Moods of the Verb

Verb moods are classifications that indicate the attitude of the speaker. Verbs have three moods—indicative, imperative, and subjunctive.

Indicative and imperative moods

The indicative and the imperative moods are fairly common. You use the indicative mood in most statements and questions.

He walks every day after lunch.

Does he believe in the benefits of exercise?

You use the imperative in requests and commands. Imperative statements have an understood subject of “you” and therefore take second‐person verbs.

Sit down. ([ You] sit down.)

Please take a number. ([ You] please take a number.)

Subjunctive Mood

Verb tenses in the subjunctive mood are used in special kinds of statements. The most common use of the subjunctive mood is in contrary‐to‐fact or hypothetical statements. In your own writing, you must decide which statements should be in the subjunctive mood. If something is likely to happen, use the indicative. If something is hypothetical, or contrary to fact, use the subjunctive.

  • Present tense subjunctive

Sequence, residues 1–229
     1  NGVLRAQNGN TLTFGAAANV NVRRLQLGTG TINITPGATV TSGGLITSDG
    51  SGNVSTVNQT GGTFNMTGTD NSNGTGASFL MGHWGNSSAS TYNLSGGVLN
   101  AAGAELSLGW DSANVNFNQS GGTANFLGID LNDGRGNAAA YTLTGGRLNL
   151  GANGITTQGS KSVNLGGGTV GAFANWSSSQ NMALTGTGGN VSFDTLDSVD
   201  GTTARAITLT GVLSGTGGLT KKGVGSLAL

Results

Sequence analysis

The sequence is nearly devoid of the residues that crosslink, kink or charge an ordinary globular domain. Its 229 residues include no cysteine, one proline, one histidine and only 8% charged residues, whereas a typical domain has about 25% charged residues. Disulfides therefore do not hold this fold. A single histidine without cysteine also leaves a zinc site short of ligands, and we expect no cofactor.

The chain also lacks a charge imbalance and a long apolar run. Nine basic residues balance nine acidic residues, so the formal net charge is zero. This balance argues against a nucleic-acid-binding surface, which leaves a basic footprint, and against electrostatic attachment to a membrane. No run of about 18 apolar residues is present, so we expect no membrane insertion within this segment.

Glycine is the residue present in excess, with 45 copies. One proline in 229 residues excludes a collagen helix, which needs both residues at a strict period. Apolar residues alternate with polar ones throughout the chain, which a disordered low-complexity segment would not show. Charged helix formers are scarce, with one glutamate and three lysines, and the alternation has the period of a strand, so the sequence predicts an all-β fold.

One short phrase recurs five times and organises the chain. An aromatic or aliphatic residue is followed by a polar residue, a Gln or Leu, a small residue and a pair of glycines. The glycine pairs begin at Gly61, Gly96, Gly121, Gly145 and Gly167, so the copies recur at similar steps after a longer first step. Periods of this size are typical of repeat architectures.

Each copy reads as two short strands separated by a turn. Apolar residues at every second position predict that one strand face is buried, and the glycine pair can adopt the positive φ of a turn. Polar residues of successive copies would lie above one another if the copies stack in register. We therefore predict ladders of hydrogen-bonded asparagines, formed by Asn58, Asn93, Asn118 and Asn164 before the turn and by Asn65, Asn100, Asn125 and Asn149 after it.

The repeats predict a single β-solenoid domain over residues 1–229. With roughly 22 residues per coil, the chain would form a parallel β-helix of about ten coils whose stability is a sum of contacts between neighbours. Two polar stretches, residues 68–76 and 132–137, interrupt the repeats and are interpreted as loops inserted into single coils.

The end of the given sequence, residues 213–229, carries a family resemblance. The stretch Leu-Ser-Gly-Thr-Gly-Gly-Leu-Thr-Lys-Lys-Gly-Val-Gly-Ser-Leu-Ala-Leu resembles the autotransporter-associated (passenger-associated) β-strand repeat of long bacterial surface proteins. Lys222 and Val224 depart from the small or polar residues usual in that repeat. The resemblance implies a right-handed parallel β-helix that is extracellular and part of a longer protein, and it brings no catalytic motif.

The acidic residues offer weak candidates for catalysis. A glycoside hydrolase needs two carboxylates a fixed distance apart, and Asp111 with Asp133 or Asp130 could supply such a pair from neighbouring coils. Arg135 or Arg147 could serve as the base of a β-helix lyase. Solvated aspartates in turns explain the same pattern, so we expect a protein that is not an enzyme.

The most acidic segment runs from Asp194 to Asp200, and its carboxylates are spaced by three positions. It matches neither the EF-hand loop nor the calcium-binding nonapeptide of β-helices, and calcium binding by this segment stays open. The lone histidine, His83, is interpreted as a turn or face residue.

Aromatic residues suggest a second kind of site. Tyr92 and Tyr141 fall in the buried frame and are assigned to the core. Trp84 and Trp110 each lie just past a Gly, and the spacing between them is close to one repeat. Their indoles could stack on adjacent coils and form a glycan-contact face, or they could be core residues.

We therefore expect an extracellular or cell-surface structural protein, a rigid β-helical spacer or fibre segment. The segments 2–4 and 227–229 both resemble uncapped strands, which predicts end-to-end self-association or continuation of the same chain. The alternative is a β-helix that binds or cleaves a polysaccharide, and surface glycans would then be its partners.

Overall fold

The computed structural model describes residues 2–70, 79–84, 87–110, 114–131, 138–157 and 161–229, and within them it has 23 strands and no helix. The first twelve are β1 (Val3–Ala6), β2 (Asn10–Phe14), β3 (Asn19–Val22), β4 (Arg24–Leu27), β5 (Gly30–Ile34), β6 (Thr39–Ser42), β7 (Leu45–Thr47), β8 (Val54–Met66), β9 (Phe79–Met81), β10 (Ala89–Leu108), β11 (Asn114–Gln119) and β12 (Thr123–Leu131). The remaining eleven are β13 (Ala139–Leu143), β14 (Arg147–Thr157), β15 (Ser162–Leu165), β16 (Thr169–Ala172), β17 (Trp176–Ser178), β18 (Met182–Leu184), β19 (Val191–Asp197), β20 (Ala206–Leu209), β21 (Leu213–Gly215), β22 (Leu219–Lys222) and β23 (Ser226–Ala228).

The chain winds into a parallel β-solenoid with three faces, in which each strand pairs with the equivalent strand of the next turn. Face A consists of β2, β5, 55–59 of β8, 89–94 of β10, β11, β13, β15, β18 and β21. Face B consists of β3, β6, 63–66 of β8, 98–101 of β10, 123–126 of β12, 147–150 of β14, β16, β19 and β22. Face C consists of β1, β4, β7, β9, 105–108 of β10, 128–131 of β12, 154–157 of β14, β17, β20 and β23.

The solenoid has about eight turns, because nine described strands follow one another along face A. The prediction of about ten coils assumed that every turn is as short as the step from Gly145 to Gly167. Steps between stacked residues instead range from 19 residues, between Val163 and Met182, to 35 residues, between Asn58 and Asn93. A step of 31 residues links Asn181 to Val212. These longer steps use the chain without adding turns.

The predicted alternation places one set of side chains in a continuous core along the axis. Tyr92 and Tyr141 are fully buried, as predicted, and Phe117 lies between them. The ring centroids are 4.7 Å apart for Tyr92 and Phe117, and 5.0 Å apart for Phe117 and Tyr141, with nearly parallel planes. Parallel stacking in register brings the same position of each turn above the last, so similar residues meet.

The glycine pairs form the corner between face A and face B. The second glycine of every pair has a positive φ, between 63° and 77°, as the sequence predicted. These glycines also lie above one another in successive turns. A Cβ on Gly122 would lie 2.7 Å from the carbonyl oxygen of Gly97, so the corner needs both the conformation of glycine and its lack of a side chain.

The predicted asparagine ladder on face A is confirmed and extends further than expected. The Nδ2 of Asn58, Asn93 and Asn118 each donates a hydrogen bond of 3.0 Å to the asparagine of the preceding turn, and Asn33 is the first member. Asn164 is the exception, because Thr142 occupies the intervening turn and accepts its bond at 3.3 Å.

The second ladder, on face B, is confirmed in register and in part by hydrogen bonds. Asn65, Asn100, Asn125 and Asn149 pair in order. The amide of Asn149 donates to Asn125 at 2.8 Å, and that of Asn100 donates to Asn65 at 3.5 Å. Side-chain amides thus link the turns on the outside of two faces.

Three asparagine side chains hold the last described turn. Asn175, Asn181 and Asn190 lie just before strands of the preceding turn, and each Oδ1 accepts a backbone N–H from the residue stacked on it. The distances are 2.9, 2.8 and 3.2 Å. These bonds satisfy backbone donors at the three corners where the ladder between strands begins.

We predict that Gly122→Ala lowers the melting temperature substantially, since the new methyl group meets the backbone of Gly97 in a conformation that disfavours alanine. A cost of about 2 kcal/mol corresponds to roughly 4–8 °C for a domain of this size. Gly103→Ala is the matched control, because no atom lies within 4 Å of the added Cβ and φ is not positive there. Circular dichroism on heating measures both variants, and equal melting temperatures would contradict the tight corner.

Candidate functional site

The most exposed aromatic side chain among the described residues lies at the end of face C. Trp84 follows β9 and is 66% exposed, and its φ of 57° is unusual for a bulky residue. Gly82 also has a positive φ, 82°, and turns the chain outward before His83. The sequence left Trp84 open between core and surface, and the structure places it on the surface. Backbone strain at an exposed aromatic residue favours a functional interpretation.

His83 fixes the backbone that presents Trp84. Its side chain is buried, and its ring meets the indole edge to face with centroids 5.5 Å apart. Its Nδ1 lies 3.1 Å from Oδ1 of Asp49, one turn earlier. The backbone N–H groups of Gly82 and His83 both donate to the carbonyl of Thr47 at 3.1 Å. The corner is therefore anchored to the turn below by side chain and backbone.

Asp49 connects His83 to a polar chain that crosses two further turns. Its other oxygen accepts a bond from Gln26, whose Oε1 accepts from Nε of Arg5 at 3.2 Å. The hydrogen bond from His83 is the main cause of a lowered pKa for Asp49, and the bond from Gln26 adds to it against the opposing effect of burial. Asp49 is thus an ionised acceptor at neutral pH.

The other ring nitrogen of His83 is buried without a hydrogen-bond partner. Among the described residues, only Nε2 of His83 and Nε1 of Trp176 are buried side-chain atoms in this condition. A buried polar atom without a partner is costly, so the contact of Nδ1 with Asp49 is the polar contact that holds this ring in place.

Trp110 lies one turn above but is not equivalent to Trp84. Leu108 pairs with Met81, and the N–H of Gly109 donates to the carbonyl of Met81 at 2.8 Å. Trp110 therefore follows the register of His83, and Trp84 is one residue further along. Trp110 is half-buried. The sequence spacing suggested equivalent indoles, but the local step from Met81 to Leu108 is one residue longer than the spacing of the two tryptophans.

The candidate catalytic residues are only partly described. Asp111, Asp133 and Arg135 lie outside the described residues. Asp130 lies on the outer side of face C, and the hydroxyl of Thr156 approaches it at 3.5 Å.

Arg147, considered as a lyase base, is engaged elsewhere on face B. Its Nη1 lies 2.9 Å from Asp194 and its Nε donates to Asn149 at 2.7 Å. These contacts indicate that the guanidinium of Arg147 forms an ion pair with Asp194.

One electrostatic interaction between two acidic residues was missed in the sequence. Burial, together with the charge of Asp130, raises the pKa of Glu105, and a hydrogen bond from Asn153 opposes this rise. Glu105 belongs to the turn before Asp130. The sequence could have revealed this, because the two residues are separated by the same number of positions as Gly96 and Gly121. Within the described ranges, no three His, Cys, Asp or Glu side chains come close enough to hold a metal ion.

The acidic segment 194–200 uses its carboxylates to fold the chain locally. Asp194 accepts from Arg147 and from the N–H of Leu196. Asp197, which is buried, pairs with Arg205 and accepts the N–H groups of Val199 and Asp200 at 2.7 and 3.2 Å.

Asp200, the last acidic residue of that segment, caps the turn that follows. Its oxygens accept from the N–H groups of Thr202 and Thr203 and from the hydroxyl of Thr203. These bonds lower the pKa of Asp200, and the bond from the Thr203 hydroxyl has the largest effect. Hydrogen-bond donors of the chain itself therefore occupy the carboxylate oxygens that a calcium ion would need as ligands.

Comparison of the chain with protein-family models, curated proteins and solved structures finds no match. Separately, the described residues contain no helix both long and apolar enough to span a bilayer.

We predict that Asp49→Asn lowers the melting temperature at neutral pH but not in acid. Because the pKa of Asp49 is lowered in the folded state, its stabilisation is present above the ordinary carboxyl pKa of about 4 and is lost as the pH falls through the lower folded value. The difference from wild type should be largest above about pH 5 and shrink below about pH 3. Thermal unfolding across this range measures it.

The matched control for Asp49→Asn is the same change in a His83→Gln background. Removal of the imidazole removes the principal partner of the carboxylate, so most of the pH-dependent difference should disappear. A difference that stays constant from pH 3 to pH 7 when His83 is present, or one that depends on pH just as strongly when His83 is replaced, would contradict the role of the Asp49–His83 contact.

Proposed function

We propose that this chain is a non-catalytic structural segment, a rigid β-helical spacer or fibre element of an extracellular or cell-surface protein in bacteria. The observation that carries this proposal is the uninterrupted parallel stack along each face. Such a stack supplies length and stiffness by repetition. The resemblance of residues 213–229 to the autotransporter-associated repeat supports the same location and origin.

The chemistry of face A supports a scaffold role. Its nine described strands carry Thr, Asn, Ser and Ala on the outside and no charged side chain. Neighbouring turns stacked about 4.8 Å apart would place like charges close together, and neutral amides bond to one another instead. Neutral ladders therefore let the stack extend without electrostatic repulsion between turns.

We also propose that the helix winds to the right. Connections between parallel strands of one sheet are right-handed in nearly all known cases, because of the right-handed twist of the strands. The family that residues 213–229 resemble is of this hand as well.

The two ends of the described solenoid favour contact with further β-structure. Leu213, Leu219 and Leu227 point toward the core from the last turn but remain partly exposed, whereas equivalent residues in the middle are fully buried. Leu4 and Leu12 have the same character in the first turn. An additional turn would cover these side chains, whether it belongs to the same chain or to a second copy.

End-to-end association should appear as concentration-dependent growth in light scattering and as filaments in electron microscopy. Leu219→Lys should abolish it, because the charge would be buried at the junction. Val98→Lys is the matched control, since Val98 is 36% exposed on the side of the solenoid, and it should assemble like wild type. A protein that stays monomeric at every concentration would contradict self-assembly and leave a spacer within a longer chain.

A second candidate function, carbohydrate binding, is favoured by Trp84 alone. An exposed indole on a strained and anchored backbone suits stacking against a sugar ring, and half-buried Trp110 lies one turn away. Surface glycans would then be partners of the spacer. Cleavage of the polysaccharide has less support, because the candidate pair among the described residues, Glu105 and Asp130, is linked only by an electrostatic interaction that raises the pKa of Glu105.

• If I were king, you would be queen. (In the subjunctive, were is used for all persons.)

    • If he worked, he could earn high wages.

  • Past tense subjunctive

    • If I had been king, you would have been queen.

    • If he had worked, he could have earned high wages.

These contrary‐to‐fact statements have two clauses: the if clause and the consequences clause. The forms of the verbs in these clauses are different from those of verbs used in the indicative mood.

In the if clause, use the subjunctive. Table 1 shows how it is formed. Note that the subjunctive present tense is the same as the indicative past tense.

Table 1. Present Subjunctive

Verb to be: were

If I were king, If he were king.

Other verbs: worked

If I worked, If he worked.

Note in Table 2 how the subjunctive past tense is the same as the indicative past perfect tense.

Table 2. Past Subjunctive

Verb to be: had been

If I had been king, If he had been king.

Other verbs: had worked

If I had worked, If he had worked.

In the consequences clause, use the conditional (Tables 3 and 4), which is formed with could or would.

Table 3. Present Conditional

could, would + base form of verb

You would be queen.

He could earn high wages.

Table 4. Past Conditional

could, would + have + past participle of verb

You would have been queen.

He could have earned high wages.

Not all clauses beginning with if are contrary to fact. When an if clause indicates something that is likely to happen, use the indicative, not the subjunctive.

If I study hard [likely to happen], I will pass the test.

If his fever continues to fall [likely to happen], he will recover.